How to Avoid Spanish Influenza
Avoid crowds. Practice scrupulous cleanliness. Always wash hands before eating. Get plenty of fresh air. Get plenty of nourishing food, and do not worry.
Printed in the Augusta Chronicle a little over 100 years ago, on September 30, 1918, this statement issued by president of the Augusta Board of Health, Dr. John Wright sounds eerily familiar to what we are being told to do today by the Center for Disease Control and the National Institute of Health to limit the spread of COVID-19.
While none of us have lived through a pandemic such as COVID-19, and the world is a much different place than it was at the end of World War I, the Spanish flu does set a precedent for us and offers some guidance on how to proceed. Many studies were conducted following the 1918 Spanish influenza, comparing how major U.S. cities responded, and what measures were taken to limit the spread of the virus. For example, Philadelphia waited longer than most cities to implement social distancing measures, such as closing schools, churches, and banning other social gatherings, and even decided to host a parade that drew a crowd of over 200,000 people. Because of this, the city saw a total of 748 deaths, compared to St. Louis, a city that implemented strict social distancing measures early on in the pandemic, thereby “flattening the curve,” and at 358 deaths, had one of the lowest mortality rates of any major U.S. city.
The first known U.S. case of the Spanish influenza occurred at Camp Funston, Kansas in March of 1918, and from there quickly spread across the country. The first cases reported in Georgia occurred at Camp Gordon in Atlanta. A September 17, 1918 article in the Augusta Chronicle stated that the camp had been quarantined in light of the illness, and went on to compare other cases at army camps in Massachusetts, Virginia, and New York where U.S. Army Surgeon General, William Gorgas said the disease was at epidemic levels. Because of the crowded conditions, and the travelling of military officials from camp to camp and across the Atlantic, the virus spread unabated through army and navy installations throughout the United States.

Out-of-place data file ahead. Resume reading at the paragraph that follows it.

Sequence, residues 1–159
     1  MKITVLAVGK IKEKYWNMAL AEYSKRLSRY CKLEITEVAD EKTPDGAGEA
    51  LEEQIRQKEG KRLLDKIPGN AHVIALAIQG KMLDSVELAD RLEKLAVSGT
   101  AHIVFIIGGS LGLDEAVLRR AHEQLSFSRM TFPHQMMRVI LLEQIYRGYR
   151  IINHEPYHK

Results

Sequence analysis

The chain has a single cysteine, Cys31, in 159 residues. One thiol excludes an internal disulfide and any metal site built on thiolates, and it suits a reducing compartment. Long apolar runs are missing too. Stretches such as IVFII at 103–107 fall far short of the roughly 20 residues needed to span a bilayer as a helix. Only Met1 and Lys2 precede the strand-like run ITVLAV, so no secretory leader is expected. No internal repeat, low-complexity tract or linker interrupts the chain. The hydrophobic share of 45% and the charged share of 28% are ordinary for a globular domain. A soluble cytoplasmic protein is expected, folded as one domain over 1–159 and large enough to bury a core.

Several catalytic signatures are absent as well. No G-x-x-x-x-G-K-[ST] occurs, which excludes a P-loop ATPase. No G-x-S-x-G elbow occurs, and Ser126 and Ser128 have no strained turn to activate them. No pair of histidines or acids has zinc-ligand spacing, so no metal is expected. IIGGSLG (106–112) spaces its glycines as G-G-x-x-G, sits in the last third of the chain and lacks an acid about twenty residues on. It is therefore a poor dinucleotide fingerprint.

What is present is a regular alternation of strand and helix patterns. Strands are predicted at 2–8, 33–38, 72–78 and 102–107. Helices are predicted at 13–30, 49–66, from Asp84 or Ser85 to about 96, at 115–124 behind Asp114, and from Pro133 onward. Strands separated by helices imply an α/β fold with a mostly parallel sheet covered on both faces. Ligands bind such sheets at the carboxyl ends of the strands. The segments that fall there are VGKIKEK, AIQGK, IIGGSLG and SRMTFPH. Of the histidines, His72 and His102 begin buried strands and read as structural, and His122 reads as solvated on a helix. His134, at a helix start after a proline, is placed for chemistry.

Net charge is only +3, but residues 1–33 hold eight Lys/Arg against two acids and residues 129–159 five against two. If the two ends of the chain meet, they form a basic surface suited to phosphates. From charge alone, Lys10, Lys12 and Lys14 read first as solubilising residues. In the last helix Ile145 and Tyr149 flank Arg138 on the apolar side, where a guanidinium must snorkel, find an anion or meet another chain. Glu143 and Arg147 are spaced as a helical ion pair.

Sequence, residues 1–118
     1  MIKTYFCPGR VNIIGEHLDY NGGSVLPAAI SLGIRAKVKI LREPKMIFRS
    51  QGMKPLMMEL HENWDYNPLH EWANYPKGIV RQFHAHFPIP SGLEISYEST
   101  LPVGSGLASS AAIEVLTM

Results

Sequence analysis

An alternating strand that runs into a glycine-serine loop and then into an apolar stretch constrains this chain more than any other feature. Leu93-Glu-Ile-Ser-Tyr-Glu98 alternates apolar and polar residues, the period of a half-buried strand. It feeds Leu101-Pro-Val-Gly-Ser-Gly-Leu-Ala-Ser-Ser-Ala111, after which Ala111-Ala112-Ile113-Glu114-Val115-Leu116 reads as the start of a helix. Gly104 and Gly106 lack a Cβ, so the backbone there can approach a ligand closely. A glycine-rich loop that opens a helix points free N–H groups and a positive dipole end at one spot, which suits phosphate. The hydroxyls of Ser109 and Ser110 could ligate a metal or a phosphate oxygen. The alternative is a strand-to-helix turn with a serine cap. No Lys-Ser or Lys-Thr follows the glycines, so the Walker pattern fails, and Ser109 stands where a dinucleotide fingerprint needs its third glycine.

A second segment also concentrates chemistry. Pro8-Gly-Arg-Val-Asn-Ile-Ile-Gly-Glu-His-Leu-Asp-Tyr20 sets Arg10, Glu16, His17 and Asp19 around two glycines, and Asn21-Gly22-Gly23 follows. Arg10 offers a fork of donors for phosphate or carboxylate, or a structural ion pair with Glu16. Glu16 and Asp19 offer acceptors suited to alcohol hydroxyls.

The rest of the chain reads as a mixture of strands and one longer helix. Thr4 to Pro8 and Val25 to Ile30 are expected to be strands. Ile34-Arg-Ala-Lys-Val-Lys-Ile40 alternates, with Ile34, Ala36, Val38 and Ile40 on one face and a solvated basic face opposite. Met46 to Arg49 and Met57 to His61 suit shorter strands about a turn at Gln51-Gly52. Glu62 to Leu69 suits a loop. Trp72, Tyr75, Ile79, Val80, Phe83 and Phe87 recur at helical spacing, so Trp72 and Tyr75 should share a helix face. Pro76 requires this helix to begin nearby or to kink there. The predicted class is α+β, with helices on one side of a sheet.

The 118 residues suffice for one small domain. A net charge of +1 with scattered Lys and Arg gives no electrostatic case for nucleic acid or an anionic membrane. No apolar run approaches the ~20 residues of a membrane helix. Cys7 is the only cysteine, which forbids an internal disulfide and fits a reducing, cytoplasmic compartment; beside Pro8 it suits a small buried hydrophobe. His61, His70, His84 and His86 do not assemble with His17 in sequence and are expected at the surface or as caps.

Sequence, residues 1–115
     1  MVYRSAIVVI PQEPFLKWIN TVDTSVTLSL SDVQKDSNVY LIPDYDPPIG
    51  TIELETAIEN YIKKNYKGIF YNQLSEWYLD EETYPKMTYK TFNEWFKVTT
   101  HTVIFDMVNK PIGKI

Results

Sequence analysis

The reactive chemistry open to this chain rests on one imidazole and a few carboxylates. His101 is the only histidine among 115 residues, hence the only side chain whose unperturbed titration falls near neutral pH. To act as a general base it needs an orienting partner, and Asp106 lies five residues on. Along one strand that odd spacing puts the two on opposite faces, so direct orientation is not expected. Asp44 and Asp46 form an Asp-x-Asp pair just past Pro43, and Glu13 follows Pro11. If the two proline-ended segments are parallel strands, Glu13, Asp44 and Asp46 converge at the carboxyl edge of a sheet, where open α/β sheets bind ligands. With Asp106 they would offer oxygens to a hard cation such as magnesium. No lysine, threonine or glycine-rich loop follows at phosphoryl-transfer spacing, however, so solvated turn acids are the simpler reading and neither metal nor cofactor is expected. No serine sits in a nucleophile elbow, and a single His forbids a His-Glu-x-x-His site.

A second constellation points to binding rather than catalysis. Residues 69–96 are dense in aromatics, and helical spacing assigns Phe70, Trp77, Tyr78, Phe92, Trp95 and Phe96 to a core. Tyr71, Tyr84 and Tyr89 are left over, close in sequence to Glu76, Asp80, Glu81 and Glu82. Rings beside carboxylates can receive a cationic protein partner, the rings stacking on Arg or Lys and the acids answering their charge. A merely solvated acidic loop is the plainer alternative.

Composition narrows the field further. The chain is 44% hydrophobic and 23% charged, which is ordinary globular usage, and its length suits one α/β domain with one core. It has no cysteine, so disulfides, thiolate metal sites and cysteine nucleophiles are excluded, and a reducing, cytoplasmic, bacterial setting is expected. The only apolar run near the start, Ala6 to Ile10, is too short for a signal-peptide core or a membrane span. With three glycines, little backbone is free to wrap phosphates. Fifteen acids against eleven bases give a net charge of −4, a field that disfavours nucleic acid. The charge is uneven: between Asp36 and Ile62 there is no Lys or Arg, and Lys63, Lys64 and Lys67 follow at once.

For days afterwards, the Chronicle reported no influenza at Camp Hancock nor in Augusta proper, but it was only a matter of time before cases began popping up, and on September 30, 1918 in bold, block print on the front page, the newspaper reported that 13 out of 3000 troops, recently arrived to Camp Hancock from Camp Grant in Rockford, Illinois were infected with the dreaded flu. Army officials downplayed the cases, insisting that none of the infections originated at the camp, and given the healthy conditions of Camp Hancock compared to other army camps around the United States, they believed “the disease will be controlled at this point without great difficulty.” However, the camp went on immediate lock down, quarantining those sick, and limiting the movement of soldiers within the camp, but stopping short by continuing to allow soldiers to visit downtown Augusta.
Camp Hancock was a massive World War I temporary military installation named for Civil War General Winfield Scott Hancock. Located on 1,777 acres at the top of “the Hill” where Wrightsboro and Highland Roads converge with Daniel Field, the rising tent city held 35,000 men, and 1,300 buildings, barracks, eating halls, hospitals, showers, latrines, storerooms, garages and office buildings.
The following day on October 1st, the number of reported cases at the camp jumped to 700 and the city’s Board of Health began enacting social distancing measures. Streetcars were ordered to not overcrowd, limiting them to the carrying capacity of seated passengers only and soldiers from the camp were banned from riding any public transport though they could still accept rides in private vehicles. The Board also ordered the newly arrived Ringling Brothers Circus to limit their crowds to 1200 people at a time. Time and again, the disease was downplayed as “not that serious” and as long as people kept themselves clean and well nourished they would have no trouble avoiding the disease or quickly recovering if they did become ill.